UK delegation enjoys successful visit to Gabon prior to its Commonwealth admission
It was a first trip to Gabon for the whole of the delegation which included Lyn Brown MP (Labour’s Shadow Minister for Africa), Kate Osamor MP, Gagan Mohindra MP and myself. The trip was supported by Lucy Nash from the BGIPU, the Gabonese Ambassador to London and our non-resident Ambassador, Christian Dennys, who is based in Cameroon and also covers the slightly more tricky country of Equatorial Guinea. He joined us for the first few days when we were in Libreville, the overall trip being 7 days, 29 May to 3 June 2022, including travel.
The pre-trip briefing from our non-resident Ambassador was excellent. It highlighted three key issues which gave the visit and our meetings structure – Climate change, multilateral relations and the Commonwealth. When we were there, the Gabonese Government were in the process of applying to join the Commonwealth. On 12th June, the decision was taken by member states to accept Gabon at the Commonwealth Heads of Government Meeting (CHOGM) in Kigali on 24th June. Togo will also be inducted at CHOGM and these entrants will broaden the Commonwealth family into areas previously associated with the Francophonie.
This report will tackle three areas and, before concluding, will mention some other issues we picked up on. Climate change is a massive issue in Gabon and Africa more widely. Gabon led at COP 26 for Africa and COP 27 is in Egypt. Sadly, with the deforestation of the Amazon, the rainforest in Gabon is likely to become the largest in the world. We met with the forestry department and visited the rainforest and mangroves. A fascinating visit, well worth the travel by boat, jeep and canoe – albeit, I could have coped without being chased by a hippo, Africa’s biggest killer of humans (note to update the BGIPU’s risk register on return!!) The forest is mapped and managed. Legislation to ban the raw export of wood has led to industry growth and increased jobs in Gabon. Some of the output was exceptional, and I have my eye on one of the tables for my kitchen. It is good to know where the wood comes from and that it is sustainable. The carbon capture and storage of the trees and peat is essential to maintain. There needs to be ways to pay Gabon for their contribution to the global good, to prevent a slip into the exploitation we have seen in places like the DRC. There is also a clear link between a pathway of forest exploitation, mineral exploitation, human exploitation and war and famine. Gabon is refusing to start the downward spiral.
We also raised issues of Gabon’s place in the world. As mentioned, they played a leadership role in COP 26, and are active in the African Union and regionally. They currently sit as part of the African 3 (A3) on the UN Security Council, alongside Ghana and Kenya. Gabon has taken a clear stance in supporting the people of Ukraine against Putin’s aggression and we wanted to thank them for this. They also work on a number of issues with partners beyond Africa in New York and Geneva.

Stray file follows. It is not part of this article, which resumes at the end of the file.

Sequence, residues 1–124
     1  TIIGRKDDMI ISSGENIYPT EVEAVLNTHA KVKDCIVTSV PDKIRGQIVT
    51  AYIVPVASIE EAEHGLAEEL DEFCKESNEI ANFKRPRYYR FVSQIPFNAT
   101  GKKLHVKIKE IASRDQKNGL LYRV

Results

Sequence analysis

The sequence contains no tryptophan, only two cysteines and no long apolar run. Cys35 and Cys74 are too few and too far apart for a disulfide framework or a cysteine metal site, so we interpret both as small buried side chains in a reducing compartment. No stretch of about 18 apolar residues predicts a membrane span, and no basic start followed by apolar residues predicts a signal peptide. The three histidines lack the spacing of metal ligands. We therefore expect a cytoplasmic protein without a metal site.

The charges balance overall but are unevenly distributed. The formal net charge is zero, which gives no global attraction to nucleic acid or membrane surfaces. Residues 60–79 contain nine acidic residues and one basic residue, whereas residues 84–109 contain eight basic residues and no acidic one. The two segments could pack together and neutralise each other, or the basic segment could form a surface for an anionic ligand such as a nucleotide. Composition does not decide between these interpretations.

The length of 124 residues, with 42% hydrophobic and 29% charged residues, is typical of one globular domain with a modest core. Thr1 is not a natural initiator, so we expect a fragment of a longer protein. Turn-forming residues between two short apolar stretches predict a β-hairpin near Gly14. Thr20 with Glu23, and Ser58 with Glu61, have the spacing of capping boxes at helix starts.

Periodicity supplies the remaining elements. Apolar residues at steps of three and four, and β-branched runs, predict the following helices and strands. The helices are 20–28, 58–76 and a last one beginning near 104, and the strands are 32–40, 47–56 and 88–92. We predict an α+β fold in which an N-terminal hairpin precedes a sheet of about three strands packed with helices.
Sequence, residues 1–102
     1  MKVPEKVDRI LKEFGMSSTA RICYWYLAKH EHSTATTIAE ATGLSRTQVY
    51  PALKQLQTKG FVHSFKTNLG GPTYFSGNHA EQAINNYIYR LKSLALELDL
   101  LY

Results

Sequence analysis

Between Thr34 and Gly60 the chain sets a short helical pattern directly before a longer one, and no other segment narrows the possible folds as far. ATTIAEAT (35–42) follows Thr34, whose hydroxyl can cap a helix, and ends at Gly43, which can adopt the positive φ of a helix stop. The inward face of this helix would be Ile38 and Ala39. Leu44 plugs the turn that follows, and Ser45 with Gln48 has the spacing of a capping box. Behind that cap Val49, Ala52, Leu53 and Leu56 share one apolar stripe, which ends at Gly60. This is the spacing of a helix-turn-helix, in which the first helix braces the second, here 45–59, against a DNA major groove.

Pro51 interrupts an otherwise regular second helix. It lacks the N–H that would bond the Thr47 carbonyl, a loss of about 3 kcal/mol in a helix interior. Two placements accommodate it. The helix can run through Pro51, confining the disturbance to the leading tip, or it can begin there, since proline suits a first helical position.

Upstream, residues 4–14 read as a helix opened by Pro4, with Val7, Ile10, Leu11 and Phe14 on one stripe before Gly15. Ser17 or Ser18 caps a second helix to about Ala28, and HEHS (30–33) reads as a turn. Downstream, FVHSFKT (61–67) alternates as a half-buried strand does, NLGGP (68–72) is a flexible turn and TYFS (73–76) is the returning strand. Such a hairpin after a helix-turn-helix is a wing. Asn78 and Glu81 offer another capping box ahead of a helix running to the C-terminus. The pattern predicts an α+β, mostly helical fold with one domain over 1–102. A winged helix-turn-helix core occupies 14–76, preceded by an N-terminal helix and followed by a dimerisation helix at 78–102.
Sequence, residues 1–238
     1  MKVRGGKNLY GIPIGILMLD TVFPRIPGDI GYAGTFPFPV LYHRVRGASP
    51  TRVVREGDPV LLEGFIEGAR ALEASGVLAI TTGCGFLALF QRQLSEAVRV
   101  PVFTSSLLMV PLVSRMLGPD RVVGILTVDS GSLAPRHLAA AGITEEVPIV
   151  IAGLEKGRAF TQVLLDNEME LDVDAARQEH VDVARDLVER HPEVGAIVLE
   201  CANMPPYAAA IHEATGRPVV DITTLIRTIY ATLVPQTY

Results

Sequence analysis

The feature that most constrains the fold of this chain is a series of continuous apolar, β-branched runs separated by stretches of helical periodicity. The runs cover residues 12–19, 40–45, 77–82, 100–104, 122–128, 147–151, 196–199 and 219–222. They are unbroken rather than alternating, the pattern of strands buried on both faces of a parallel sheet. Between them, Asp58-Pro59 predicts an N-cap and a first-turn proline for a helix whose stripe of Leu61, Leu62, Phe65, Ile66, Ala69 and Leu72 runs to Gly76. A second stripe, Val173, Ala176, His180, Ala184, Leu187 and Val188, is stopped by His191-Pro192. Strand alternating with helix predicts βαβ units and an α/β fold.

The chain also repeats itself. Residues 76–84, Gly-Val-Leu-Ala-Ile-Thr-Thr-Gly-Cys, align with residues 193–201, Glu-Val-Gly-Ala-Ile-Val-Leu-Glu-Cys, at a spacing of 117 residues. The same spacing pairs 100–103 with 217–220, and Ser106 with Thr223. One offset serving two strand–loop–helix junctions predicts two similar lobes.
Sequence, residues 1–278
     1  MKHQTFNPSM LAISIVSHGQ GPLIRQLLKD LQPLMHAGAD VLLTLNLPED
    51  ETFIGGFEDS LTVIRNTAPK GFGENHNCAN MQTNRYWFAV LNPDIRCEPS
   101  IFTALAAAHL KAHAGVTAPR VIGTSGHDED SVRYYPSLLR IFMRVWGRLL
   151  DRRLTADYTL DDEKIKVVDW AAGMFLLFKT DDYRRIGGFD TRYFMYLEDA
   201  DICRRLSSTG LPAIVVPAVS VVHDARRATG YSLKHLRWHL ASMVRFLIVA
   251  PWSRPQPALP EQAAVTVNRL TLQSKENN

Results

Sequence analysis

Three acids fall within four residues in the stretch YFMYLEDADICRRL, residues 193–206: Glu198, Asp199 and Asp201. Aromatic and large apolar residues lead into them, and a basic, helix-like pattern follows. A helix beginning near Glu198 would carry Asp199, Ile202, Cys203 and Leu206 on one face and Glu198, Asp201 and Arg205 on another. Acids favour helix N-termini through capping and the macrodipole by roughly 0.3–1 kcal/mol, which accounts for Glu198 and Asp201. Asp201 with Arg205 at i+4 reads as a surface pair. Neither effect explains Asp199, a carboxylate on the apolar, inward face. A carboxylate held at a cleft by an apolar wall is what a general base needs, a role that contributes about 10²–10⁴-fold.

There was much discussion of Gabon’s desire to join the Commonwealth. The Commonwealth Secretariat had visited three times to do an assessment. The elections in Australia had held up some issues but, as mentioned above, we learned of their success in the weeks following the visit. We were interested to note a good level of English from many but certainly not all the people we met. The younger generation and school children were often much more fluent than our generation who were more comfortable conducting international discussion in French. This clearly will be something they will need to work on to integrate into a largely English-speaking Commonwealth.
We also noted the dominance of one party; parties were banned prior to 2001. The current President, Ali Bongo Ondimba, took over from his father who had served as President since 1967. The opposition was about 10% of parliament. Most opposition parliamentarians had been part of the ruling party and there was lots of post-election switching. Clearly, the multiparty democracy is different to that which we are used to but we found debate informed and engaging during our visits. It seems odd to think that the next visit may be a CPA not IPU one. All the delegation felt they were a strong candidate for membership but we had to remind them it was not our decision. If they join, this would build a case for the UK to open an Embassy in Libreville – we have one in every Commonwealth country in Africa with Eswatini and Lesotho’s re-opening recently.
During the trip, we also raised issues around human rights, worker’s rights and economic policy. We saw an impressive industrial park, the Nkok Gabon Special Economic Zone (SEZ). Tax incentives have encouraged foreign investment and 144 companies from 19 countries are currently operating on the site. SEZ includes an industrial, commercial and residential zone. We were told that the workers are paid a minimum wage but would have liked some more assurance that a structure to protect the employee’s rights was in place.
We were warmly welcomed and were happy to be appointed unofficial Ambassadors to Gabon. I recommend all to visit; it is a beautiful place, with warm people and, despite a small population, is taking a lead on the world stage, punching above its’ weight.